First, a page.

Privilege and responsibility


For those looking to purchase, or for those who already possess, a listed property, there are certain expectations and restrictions on the structure and look of the building, both inside and outside. The Listed Property Owners Club (LPOC) is a members’ club dedicated to helping and advising listed building owners. essence found out more.

Owning a beautiful listed building isn’t always the dream people think. It comes with responsibilities and restrictions that usually translate into more expense. England and Wales boast half a million listed buildings, each one with its own story to tell.

A recent survey, undertaken by Historic England, showed owners are committed to investing in their buildings, with 93% seeing their property as important to local character and enjoying owning a slice of history.
So, for owners of listed buildings, it helps to have a desire to preserve the past and a view that, as the owner, the property is being saved for future generations.

The Listed Property Show, taking place at Olympia London on Saturday 21 and Sunday 22 February, has all the specialist information and expert help required for conserving, renovating or buying. Owning a listed property can present its fair share of problems. This LPOC-organised show, in association with Historic England, has the largest collection of listed property suppliers and specialists under one roof during one weekend.

Laws and regulations that limit what can be altered on a listed property may date back hundreds of years and can be a surprise. As the UK’s only advice service dedicated to helping listed property owners, LPOC is familiar with the rules and regulations with which owners have to comply.
The Listed Property Show was created to provide owners and those looking to buy with everything they need to know. Over 150 exhibitors and specialist suppliers, independent conservation officers and architects attend, and there are informative lectures on discovering a home’s history or how to make a listed building energy efficient.

The Listed Property Show 2016, Saturday 20 and Sunday 21 February 2016, Olympia, London. Tickets to the show are FREE and can be downloaded at

The Listed Property Owners Club, Lower Dane, Hartlip, Kent ME9 7TE
Telephone: 01795 844939

The Master's Tuscany home


Michelangelo’s work ranges from sculptures to paintings, poetry to engineering and architectural design through the High Renaissance and into the artistic age of Mannerism. He is considered by many to be the greatest artist ever and a major influence for western art. The Tuscany villa of the master is now for sale: essence finds out more.

In 1549, at the age of 72, thirty years after completing the frescos in the Sistine Chapel, Michelangelo bought and periodically lived in a villa in Tuscany, halfway between Florence and Siena, that stayed in the Buonarroti family for over 300 years.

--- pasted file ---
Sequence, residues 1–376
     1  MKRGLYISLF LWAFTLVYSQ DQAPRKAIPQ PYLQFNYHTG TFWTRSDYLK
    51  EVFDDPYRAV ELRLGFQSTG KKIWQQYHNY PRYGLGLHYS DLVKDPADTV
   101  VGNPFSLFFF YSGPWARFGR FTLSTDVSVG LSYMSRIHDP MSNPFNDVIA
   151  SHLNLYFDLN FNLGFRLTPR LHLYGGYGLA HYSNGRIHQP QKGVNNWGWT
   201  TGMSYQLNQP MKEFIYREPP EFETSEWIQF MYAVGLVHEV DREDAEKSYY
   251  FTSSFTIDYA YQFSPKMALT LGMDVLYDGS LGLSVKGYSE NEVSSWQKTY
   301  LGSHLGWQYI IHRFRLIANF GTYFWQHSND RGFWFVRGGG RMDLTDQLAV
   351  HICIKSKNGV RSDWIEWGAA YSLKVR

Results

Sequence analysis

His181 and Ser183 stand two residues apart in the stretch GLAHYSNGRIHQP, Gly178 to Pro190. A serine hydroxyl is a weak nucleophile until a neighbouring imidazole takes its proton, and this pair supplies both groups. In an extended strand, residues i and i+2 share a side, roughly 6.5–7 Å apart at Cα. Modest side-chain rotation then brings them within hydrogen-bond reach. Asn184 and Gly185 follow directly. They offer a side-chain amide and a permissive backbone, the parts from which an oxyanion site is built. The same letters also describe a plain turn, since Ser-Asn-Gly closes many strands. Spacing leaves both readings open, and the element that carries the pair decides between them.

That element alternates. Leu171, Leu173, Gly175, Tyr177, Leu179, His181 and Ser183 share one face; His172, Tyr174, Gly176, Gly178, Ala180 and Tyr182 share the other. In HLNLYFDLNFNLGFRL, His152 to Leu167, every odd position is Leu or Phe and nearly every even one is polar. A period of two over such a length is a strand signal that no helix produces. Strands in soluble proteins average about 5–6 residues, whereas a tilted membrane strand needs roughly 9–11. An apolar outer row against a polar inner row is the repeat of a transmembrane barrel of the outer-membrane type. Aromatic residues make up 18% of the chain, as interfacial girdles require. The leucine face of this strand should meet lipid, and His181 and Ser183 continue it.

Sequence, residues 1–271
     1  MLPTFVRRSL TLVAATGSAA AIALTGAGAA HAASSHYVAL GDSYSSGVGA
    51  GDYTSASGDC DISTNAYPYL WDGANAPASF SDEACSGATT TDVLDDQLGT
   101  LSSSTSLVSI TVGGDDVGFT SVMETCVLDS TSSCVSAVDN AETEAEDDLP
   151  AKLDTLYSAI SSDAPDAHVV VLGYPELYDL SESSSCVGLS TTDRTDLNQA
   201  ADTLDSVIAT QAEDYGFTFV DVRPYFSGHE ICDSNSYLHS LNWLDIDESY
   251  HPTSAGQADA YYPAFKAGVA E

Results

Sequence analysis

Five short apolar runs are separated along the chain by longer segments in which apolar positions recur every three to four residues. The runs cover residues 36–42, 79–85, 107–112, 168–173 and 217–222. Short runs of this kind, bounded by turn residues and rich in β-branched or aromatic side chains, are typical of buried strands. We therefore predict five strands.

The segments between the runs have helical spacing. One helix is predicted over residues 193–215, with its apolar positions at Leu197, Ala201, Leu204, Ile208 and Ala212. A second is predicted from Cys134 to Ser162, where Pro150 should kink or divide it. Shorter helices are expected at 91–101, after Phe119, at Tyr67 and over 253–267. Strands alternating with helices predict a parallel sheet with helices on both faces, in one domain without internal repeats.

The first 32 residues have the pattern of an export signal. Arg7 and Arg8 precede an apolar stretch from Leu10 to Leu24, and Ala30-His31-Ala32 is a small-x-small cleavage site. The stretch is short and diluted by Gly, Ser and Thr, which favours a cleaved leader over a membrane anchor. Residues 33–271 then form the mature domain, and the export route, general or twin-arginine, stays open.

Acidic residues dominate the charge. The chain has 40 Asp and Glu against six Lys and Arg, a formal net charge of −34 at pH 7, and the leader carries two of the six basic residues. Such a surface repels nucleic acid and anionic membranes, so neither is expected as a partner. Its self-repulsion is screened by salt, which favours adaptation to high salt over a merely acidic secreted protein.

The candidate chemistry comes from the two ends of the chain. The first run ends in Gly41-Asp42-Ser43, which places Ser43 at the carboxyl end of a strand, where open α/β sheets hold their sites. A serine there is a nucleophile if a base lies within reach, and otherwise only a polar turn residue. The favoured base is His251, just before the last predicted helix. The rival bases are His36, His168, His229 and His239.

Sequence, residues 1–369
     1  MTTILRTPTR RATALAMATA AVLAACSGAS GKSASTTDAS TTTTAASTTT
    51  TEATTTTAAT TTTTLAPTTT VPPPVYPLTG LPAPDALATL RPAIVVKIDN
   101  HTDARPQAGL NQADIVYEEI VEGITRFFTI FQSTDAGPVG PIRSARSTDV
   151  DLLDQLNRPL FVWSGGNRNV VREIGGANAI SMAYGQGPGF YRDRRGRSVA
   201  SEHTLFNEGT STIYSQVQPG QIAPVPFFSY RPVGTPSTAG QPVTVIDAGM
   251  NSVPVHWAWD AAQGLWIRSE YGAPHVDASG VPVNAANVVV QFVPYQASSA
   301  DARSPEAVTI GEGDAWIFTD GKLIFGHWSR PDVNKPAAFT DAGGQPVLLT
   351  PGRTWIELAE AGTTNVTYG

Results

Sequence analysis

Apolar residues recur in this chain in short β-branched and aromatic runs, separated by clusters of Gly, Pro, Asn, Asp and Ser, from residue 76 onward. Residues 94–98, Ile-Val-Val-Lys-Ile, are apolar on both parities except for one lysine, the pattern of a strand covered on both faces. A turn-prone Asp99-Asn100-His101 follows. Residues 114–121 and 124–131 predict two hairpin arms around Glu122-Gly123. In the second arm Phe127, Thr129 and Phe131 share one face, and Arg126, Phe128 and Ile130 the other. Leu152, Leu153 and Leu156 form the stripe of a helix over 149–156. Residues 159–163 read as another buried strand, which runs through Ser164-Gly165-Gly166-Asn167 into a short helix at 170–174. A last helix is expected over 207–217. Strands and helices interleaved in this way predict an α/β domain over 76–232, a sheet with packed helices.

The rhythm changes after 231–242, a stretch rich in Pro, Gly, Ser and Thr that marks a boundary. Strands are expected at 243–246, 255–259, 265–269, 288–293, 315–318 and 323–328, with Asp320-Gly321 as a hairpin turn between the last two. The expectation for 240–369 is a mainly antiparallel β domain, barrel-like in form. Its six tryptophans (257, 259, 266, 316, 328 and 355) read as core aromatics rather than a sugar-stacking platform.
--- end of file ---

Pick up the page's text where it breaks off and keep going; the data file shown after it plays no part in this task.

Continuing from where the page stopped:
Now for sale, the original deed held by Michelangelo, in which he was described as a ‘dear sculptor and Florentine citizen’, will be passed on to a new owner.

For those who feel a thrill in their connection to history, the experience of actually living and sleeping in the same rooms and walking the same grounds as the great man did over six centuries ago is priceless. Located on over six acres above rolling hills, the 12,915 square feet of living space is contained in three buildings, including an ancient tower, believed to date back to the eleventh century. The original architecture is accented throughout with large stone fireplaces, beamed and barrel ceilings.

With eight bedrooms, all rooms pay homage to the period, and modern conveniences blend in. The kitchen has all the rustic romance of early centuries, but now with high quality appliances that take nothing away from the original architecture.

Park-like grounds have lawns and mature plantings with a lemon orchard, olive grove and Chianti vineyards, as well as the original olive oil mill. A once in a lifetime opportunity to own the Tuscany villa of Michelangelo, preserved and restored by the current owner, the property is for sale at €7,500,000.

For more information on the property, contact

Eternal appeal
A recent online property survey showed Rome to be the most ‘searched-for’ location in the world. Overseas buyers are heading back to Italy and France.

Portal saw Rome remain the most searched-for location in the world in the final months of the year, the third consecutive quarter that the city has held top spot. Italy’s rebound in popularity increased throughout 2015, due to the country’s strong lifestyle appeal, and a weak euro.

Favourable exchange rates fuelled demand for all Europe’s traditional property hotspots, with Spain and Portugal in particular stealing the limelight. Now, though, the tide may be about to change. Portugal’s share of searches on the portal reduced for the first time in Q4 2015, accounting for 11 of the Top 50 locations in the Hotspots Index.

Cyprus and Greece, meanwhile, fell out of the Top 10 altogether, as buyers swapped their economically uncertain markets for old favourites. Buyers returned to France with the country entering the Top 10 for the first time in Q4 2015.

The weak euro has been the defining story of 2015, sending buyers from overseas – particularly the UK and the USA – flooding into Europe’s property markets to snap up available opportunities. While Portugal and Spain have dominated demand for the majority of the year, France and Italy are starting to steal the show, their relatively stable markets luring house-hunters away from the more uncertain bargain zones of Greece and Cyprus.

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